Thus, based on its self-proclaimed “exceptionality”, the US exempted itself from obeying the rules it demanded others to comply with, weakening the rule of international law and undermining its own moral authority in the process. The State Department, the sales department of the military-industrial complex, became a warmongering conflict factory, clumsy and short-sighted, promoting American “interests” without moral nor legal restraints.

This led to the US role vis-à-vis Europe degenerating into a relationship of domination in which European interests simply did not count at all. The EU contributed to this, of course, with its empowered but anonymous bureaucracy, which is not accountable to the people.

Therefore, the US, which has a wealth of technical expertise and has repeatedly stated that it considers the pipeline a threat to its interests, is a clear suspect. So thinks the former Polish foreign minister, who gloated over the sabotage thanking the US without prudence nor modesty (“Thank you, USA”[1]) in a message later deleted.

Circumstantial evidence

Circumstantial evidence would also point to the US. President Biden went so far as to state in February that, should Russia invade Ukraine, “there would be no more Nord Stream 2”, as the US would “put an end” to the pipeline. Asked how he would do this given that the project depended on Germany, he replied, “I promise you. We will be able to do it”[2].

The most eloquent proof of European submission (and American arrogance) is that these statements were made at a joint press conference with a stunned German Chancellor, who had avoided giving a clear answer on the matter.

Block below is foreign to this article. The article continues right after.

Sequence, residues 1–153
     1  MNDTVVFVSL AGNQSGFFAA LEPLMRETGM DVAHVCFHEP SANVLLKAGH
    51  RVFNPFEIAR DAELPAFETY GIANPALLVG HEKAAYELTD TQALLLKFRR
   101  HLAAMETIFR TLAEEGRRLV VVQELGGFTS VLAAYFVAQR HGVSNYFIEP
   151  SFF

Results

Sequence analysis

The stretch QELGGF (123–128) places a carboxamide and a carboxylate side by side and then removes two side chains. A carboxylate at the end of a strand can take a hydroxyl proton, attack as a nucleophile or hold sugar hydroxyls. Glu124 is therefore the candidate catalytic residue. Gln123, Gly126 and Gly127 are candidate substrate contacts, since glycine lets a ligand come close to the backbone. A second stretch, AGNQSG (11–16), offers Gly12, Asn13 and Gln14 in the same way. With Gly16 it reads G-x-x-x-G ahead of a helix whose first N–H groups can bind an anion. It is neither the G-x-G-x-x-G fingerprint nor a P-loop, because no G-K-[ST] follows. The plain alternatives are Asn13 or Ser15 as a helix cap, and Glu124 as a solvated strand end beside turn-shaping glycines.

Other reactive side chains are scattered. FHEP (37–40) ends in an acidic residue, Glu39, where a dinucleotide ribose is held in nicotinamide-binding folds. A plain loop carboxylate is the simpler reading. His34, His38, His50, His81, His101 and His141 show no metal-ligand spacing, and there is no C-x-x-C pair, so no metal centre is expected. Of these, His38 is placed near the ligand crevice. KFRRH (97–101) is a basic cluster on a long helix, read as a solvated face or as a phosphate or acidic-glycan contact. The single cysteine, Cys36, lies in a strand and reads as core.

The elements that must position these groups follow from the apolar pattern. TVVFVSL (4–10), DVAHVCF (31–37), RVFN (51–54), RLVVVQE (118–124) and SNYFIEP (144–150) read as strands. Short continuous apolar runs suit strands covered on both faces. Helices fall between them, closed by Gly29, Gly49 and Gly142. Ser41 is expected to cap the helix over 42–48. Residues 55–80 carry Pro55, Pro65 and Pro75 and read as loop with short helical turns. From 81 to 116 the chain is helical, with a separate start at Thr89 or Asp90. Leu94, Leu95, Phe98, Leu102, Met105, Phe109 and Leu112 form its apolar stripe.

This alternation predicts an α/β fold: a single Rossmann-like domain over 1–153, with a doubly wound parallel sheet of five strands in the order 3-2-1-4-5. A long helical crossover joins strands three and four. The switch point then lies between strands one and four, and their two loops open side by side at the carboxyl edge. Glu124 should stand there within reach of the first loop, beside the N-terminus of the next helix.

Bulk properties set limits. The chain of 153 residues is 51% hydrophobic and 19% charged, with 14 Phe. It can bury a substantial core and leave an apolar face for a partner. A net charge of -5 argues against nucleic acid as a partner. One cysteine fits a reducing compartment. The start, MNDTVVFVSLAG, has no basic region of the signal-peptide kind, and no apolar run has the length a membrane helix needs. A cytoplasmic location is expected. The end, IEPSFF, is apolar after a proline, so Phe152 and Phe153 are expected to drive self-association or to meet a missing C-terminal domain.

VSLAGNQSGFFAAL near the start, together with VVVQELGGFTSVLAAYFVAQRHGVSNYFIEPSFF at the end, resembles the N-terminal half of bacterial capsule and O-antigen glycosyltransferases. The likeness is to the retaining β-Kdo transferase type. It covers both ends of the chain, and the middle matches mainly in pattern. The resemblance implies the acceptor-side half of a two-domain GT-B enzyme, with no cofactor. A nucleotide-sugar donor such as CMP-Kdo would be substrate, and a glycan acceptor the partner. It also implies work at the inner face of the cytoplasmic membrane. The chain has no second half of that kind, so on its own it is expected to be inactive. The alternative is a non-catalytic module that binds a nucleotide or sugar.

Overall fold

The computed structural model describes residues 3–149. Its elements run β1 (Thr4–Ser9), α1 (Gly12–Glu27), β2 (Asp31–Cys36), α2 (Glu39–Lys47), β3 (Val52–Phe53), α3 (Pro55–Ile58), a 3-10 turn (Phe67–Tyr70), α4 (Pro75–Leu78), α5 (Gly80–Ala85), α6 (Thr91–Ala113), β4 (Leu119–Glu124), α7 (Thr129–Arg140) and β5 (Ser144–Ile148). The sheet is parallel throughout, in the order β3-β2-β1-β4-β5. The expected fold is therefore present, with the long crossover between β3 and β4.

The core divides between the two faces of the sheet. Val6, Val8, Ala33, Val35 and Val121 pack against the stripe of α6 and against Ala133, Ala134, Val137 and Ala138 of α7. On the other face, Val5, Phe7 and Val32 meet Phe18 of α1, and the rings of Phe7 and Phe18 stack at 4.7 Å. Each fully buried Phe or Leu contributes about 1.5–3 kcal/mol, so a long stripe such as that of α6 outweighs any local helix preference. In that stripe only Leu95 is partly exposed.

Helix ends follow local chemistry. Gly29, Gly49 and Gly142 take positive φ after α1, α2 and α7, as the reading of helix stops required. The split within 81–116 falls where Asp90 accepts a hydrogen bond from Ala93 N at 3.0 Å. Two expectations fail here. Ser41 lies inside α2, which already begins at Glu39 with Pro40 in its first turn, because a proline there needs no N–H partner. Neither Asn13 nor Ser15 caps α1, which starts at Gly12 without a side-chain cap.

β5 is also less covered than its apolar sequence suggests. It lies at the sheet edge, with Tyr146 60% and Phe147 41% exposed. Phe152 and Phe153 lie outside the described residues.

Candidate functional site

In addition to the strategic advantages for the US of sabotaging Nord Stream, there are economic advantages, omnipresent in US foreign policy, since it is willing to sell to Europe its liquefied gas (LNG), much more expensive than Russian gas.

In this sense, the US Secretary of State, after welcoming the fact that his country had become the largest supplier of liquefied natural gas to Europe, declared that the sabotage represented “a tremendous opportunity”[3] to reduce European energy dependence on Russia – and to replace it, I add, with energy dependence on the US. In the words of economist Jeffrey Sachs, “what a strange way to talk if you are worried about an act of piracy”.

It is also inevitable to take into consideration that in June this year NATO held its annual edition of naval and underwater maneuvers in the Baltic Sea very close to the blast zone, including the use of underwater drones[4].

Finally, I reiterate that the imposed silence in the Western media (not so in the Russian media) is one more clue that indicates that Russia is not to blame and that, therefore, responsibility can only belong to the other side of this conflict.

Who did it?

It is difficult to assert the authorship of the sabotage based on logic alone when many facts remain unknown and when one takes for granted that the culprit acted rationally and not driven by an impulse of panic, hatred, or hubris.

Having said that, reason indicates that the main suspect is the US (NATO) or some local actor supported or protected by the Americans. Obviously, this is only a conjecture, but a conjecture based on logic.

It is likely that the investigation, conducted in secrecy by countries within the NATO orbit, will not lead to any conclusive results or that these will never be made public, but that’s not the point. The question is: What will Germany do in the face of this casus belli if it suspects that the perpetrator was the American “partner”, “friend”, “ally”, directly or indirectly? Will it react forcefully, or will it turn a blind eye and submissively keep quiet? In a Shakespearean way, this is the question, and for Europe it really means to be or not to be.